The Colorado Department of Transportation doesn’t want you to smoke weed and drive, as we report in this week's cover story, "Weed Limit," but thinking about where you can stop off to buy weed is apparently just fine. In fact, there are now small signs along I-70 and I-25 that say things like “This highway is sponsored by LivWell Enlightened Health” — hyping a do-good project, to be sure, but also serving as a clever advertising ploy for marijuana.
The primary goal of CDOT's Adopt-A Highway program is to keep Colorado roadways clean — and that’s exactly what pot shops like LivWell and Silver Stem Fine Cannabis are helping to do by sponsoring stretches of asphalt. And it’s not like this is some good deed that the dispensaries can write off on their taxes: The national tax code known as 280E prevents marijuana dispensaries from claiming any tax deductions or credits because of the plant’s status as an illegal Schedule I substance. According to Stan Zislis of Silver Stem, the cost of keeping the highways clean comes out of the pockets of the pot shops.
“We just wanted to get involved in any way we could,” Zislis explains. “We wanted to show the public that legal marijuana is good for Colorado and that it’s here to stay.”
Zislis became involved with the program when he adopted a stretch of ten miles of Colorado highway while working for Metro Cannabis before it merged with the Silver Stem chain. Silver Stem now sponsors around 25 miles of Colorado highways, he says, and that includes paying two workers to clean up each one-mile stretch of highway twice a month. The average cleanup nets five to seven forty-gallon bags of trash, he notes.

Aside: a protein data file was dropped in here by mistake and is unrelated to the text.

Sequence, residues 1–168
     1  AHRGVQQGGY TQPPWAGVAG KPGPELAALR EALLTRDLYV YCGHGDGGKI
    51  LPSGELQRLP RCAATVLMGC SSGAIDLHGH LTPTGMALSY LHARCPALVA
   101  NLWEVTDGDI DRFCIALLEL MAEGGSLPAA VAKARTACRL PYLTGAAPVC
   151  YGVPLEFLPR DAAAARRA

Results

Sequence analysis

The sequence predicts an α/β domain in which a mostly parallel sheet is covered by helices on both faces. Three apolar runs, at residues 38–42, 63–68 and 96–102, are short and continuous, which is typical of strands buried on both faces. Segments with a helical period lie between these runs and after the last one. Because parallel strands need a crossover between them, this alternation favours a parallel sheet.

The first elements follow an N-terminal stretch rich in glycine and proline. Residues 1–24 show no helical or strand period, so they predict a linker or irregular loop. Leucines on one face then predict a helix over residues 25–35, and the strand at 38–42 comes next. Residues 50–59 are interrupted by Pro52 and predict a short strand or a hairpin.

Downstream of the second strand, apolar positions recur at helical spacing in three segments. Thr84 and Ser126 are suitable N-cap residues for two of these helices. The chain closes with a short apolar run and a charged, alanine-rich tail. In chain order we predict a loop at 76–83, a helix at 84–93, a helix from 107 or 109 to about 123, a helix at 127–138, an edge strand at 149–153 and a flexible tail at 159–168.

But cleaning the highway roadsides is also a savvy way to advertise a business that faces marketing restrictions because of marijuana’s illegal status federally; while pot is legal in Colorado, some media outlets are wary of any cannabis-related enterprises. In February, even Facebook put the hammer down on marijuana outreach, when it shut down the pages of marijuana dispensaries and product manufacturers that advertised their products on the sites.
So for now, pot businesses must rely on local newspaper and radio ads, fliers and other clever options — like highway signs that advertise their do-good efforts.
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